The Supreme Court on Friday censured Attorney-general Costas Clerides for abuse of process in a ruling rejecting the state’s appeal against the acquittal of two former senior Bank of Cyprus (BoC) executives over the handling of Greek government bonds that eventually caused the lender huge losses.
The state had appealed against the acquittal of former CEO Andreas Eliades and deputy Yiannis Kypri who were cleared last December on charges relating to alleged market manipulation by falsifying the lender’s 2010 annual report, accepting the ruling of the criminal court.
Eliades and Kypri were accused of conspiring to reclassify the bank’s holdings in Greek bonds – with an effective date of April 1, 2010 – with intent to defraud investors. The bonds were reclassified in a manner as to indicate the bank had suffered fewer losses than it actually did, conveying a better picture overall of the lender’s financials.
In its December 14 ruling, the criminal court accepted a pretrial motion by the defence, which argued that the charges had the same basis as two previous cases regarding the BoC, in which the two executives had been acquitted. Put simply, Eliades and Kypri could not be tried again in a third case that had “the same or substantially the same basis” as the previous two cases.
In Friday’s decision, the supreme court upheld the criminal court’s argument that no special circumstances had been demonstrated that would justify submission of a third case. It fully backed the criminal court’s decision that there was “an abuse of process, with the result that it stopped it and cleared the defendants of the charges they were facing.”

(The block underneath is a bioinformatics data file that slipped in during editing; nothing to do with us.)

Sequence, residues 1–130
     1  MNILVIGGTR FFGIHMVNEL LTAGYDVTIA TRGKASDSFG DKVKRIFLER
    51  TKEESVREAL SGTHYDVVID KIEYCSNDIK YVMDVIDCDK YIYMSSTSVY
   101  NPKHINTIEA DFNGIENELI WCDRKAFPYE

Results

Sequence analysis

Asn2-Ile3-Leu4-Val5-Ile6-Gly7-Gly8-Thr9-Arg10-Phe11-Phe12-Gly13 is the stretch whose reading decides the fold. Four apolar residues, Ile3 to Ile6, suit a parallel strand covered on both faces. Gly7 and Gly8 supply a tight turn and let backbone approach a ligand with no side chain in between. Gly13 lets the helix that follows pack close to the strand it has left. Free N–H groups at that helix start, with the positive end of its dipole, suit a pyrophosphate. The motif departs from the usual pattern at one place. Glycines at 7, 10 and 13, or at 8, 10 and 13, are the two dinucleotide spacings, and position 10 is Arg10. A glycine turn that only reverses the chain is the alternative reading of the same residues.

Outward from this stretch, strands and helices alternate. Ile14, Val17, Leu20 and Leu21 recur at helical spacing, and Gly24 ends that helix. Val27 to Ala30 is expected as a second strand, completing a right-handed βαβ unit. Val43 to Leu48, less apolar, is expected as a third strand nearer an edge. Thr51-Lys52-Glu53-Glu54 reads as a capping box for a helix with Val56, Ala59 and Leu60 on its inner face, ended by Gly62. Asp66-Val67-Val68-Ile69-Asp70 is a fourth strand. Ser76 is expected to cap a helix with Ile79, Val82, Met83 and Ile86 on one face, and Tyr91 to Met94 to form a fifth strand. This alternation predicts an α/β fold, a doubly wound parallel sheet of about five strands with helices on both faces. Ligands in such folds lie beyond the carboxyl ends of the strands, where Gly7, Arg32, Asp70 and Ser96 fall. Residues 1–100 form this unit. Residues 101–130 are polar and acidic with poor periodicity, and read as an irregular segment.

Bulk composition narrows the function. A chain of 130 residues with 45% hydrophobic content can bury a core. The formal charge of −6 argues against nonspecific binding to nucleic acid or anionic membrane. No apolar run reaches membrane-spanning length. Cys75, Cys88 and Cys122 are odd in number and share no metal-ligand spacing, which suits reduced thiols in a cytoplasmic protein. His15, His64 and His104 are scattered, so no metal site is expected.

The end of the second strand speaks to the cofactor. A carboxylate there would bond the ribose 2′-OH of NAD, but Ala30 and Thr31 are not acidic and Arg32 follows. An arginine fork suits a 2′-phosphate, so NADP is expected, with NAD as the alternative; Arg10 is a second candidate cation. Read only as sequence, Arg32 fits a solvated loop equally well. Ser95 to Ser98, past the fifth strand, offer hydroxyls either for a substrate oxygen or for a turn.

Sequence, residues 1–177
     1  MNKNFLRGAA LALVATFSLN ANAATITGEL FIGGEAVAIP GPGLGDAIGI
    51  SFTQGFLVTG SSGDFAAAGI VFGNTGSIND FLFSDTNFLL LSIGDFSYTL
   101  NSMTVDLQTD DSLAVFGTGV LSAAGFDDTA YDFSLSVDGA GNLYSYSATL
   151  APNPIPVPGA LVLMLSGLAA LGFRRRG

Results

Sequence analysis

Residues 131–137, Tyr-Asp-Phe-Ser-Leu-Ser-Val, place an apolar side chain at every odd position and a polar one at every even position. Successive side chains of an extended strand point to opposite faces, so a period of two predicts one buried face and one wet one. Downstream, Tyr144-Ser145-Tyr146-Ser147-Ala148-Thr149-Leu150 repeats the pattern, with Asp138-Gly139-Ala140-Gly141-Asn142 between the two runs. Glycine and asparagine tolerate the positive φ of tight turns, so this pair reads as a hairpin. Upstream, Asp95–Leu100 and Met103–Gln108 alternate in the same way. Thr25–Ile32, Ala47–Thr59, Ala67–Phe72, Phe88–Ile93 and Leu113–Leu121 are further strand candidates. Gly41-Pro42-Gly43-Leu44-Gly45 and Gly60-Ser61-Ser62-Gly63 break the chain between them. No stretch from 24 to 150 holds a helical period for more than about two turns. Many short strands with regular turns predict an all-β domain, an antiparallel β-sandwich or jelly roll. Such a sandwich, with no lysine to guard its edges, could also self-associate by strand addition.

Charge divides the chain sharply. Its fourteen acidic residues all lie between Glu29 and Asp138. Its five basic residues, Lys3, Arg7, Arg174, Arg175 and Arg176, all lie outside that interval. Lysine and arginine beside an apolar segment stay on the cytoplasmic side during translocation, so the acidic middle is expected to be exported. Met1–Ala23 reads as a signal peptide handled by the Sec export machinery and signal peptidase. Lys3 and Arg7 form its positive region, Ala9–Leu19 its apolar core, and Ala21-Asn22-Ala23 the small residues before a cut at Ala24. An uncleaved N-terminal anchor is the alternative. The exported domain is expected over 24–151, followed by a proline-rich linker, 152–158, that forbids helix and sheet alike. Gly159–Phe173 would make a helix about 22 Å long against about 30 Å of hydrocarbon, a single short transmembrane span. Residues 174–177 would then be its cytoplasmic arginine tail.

The supreme court also rejected the AG’s argument that while the criminal court had cited the correct legal principles in its decision, it had done so “deficiently.”
“The third case concerns the Greek bonds and the defendants’ actions during the period between 2010 and 2013. This state of affairs was known to prosecutors since the time the first case was filed, or the second case even, on December 17, 2014, and September 9, 2015, respectively, which concluded before the submission of the third, the present case, on January 27, 2017,” the supreme court said.
“Consequently, there is no doubt that the basis of the charges in the third case stems from the same or substantially the same, or even similar events as in the first two cases,” the court said.
In January 2018, Eliades had been found guilty in the first case relating to events in the bank that almost caused its collapse in 2013. He was given two and a half years in jail but the supreme court overturned the decision in September. Kypri and others were also charged in the case but they were acquitted.
Eliades and Kypri were also charged in a second case relating to the acquisition of Greek government bonds and their failure to inform shareholders of the risks of the investment. They were acquitted following a supreme court decision, which argued that the charge sheet did not reveal a criminal intent.
The case, however, continues for bank executives Christis Hadjimitsis, Nicolas Karidas, Christodoulos Patsalides, Eliza Livadiotou, and Despina Kyriakidou.